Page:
On February 7, 2009 at 9:09 am

    I tend to agree with the majority of the posters here. I am opposed to it! First, that seems way too young to have the chemical exposure. Their scalps and skin are still so sweet and soft and untouched at that age.
    Second, I also agree with most of the posters in that this is just too young to be pursuing what culture says is beautiful. Why are we pushing our kids to grow up so early? Why do we feel the need to push our kids through stages of development or to let culture influence their stage of development? Why are we not preserving, cherishing, and nurturing their innocence (of all things: play, style/dress, technology, ideology, relationships, etc.) for as long as possible?
    Finally, why do we allow the pressure from society to tell us what is right or normal? I’m so sad that other ethnicities feel as if they have to chemically alter their hair to fit in with their peers – at any age. Niave, I know. But still bothered by it.
    That said, I don’t have any answers! Just a lot of questions as I’m entering this stage of life with my pre-teen daughter. And a newly adopted Chinese daughter.
    And I have been “guilty” of chemically altering my hair. But only as an adult.

  15. by The Gang's All Here!

    On February 7, 2009 at 9:09 am

    I tend to agree with the majority of the posters here. I am opposed to it! First, that seems way too young to have the chemical exposure. Their scalps and skin are still so sweet and soft and untouched at that age.
    Second, I also agree with most of the posters in that this is just too young to be pursuing what culture says is beautiful. Why are we pushing our kids to grow up so early? Why do we feel the need to push our kids through stages of development or to let culture influence their stage of development? Why are we not preserving, cherishing, and nurturing their innocence (of all things: play, style/dress, technology, ideology, relationships, etc.) for as long as possible?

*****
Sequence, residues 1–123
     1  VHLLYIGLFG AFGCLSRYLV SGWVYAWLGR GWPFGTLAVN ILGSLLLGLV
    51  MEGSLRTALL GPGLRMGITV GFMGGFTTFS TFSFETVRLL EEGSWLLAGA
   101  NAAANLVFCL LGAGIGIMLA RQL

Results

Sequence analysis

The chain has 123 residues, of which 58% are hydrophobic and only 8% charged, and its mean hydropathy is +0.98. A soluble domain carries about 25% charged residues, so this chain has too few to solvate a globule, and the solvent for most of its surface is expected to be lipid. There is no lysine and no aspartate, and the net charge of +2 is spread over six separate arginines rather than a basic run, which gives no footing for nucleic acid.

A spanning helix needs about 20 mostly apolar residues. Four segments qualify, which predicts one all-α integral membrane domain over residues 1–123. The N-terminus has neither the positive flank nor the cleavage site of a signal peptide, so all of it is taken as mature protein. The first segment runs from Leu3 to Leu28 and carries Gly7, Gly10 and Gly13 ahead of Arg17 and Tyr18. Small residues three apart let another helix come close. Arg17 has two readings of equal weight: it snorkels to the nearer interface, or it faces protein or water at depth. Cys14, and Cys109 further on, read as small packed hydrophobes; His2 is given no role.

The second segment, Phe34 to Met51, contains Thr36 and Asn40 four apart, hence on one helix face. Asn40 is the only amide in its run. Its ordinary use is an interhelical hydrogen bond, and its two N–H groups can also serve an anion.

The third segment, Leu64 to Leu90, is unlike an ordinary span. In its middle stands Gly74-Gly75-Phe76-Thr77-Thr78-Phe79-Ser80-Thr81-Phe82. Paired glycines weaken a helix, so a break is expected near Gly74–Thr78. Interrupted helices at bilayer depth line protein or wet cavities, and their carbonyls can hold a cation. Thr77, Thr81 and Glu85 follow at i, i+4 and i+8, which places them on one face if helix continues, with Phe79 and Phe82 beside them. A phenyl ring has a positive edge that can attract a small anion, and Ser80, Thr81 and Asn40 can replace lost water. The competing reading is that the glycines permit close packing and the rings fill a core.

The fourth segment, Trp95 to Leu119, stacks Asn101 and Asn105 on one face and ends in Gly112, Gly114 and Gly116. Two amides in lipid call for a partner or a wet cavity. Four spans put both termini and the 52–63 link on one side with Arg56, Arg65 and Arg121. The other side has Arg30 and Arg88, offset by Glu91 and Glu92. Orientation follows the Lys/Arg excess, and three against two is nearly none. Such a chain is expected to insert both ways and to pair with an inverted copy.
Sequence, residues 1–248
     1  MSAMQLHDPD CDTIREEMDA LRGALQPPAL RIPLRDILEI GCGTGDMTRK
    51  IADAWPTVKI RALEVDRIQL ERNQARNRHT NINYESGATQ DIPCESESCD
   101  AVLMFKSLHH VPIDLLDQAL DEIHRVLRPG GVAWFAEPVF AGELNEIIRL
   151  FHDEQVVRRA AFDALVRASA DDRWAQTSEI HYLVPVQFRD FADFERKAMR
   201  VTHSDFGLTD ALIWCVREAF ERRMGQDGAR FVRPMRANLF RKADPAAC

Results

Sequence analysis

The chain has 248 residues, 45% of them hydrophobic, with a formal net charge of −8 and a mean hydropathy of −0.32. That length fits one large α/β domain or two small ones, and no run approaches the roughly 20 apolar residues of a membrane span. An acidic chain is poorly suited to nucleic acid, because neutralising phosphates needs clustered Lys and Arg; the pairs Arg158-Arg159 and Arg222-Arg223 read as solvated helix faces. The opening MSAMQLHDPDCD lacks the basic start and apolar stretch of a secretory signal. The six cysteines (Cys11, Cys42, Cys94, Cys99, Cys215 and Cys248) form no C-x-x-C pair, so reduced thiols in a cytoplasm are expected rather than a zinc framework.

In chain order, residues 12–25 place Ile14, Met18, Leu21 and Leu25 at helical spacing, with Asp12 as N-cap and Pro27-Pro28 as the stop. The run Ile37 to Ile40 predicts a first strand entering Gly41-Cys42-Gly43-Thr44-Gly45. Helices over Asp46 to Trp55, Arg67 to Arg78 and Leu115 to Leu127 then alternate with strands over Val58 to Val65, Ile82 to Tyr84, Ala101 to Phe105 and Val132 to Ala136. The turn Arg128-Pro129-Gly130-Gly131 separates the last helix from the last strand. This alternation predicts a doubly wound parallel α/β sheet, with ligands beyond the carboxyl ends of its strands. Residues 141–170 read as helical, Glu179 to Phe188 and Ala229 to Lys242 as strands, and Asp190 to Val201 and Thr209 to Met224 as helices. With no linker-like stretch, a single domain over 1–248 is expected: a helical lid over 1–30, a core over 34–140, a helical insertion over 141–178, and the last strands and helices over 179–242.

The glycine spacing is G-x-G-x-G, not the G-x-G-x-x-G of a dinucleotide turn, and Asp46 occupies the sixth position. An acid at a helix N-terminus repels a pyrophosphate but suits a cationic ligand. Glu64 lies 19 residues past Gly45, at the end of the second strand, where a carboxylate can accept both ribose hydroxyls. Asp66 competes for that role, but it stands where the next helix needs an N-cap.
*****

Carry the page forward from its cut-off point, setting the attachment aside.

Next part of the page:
Finally, why do we allow the pressure from society to tell us what is right or normal? I’m so sad that other ethnicities feel as if they have to chemically alter their hair to fit in with their peers – at any age. Niave, I know. But still bothered by it.
    That said, I don’t have any answers! Just a lot of questions as I’m entering this stage of life with my pre-teen daughter. And a newly adopted Chinese daughter.
    And I have been “guilty” of chemically altering my hair. But only as an adult.

  16. by The Gang's All Here!

    On February 7, 2009 at 9:09 am

    I tend to agree with the majority of the posters here. I am opposed to it! First, that seems way too young to have the chemical exposure. Their scalps and skin are still so sweet and soft and untouched at that age.
    Second, I also agree with most of the posters in that this is just too young to be pursuing what culture says is beautiful. Why are we pushing our kids to grow up so early? Why do we feel the need to push our kids through stages of development or to let culture influence their stage of development? Why are we not preserving, cherishing, and nurturing their innocence (of all things: play, style/dress, technology, ideology, relationships, etc.) for as long as possible?
    Finally, why do we allow the pressure from society to tell us what is right or normal? I’m so sad that other ethnicities feel as if they have to chemically alter their hair to fit in with their peers – at any age. Niave, I know. But still bothered by it.
    That said, I don’t have any answers! Just a lot of questions as I’m entering this stage of life with my pre-teen daughter. And a newly adopted Chinese daughter.
    And I have been “guilty” of chemically altering my hair. But only as an adult.

  17. by anonymous

    On February 7, 2009 at 8:27 pm

    On my first birthday, my mom and grandma PERMED my very fine, naturally blonde hair. Unfortunately, I was born with stick-straight hair that has absolutely no body or oomph and my mom was determined to do something about it. Now that I have my own child, I am absolutely horrified at the thought of chemically altering her hair. She has hair very similar to mine, but other than to change things up for special occasions, we keep her hair straight. I think we’ll stick with foam curlers until she is mature enough to make the decision for herself.

  18. by Emma

    On February 9, 2009 at 1:31 pm

    Like most of the posters I’m completely opposed to this! Eight is far too young to be worrying about looks but I also think the same goes for pre-teens. I hate that our society is so caught up in whats right and wrong and what they think is “beautiful” and its sad that children are being dragged into it.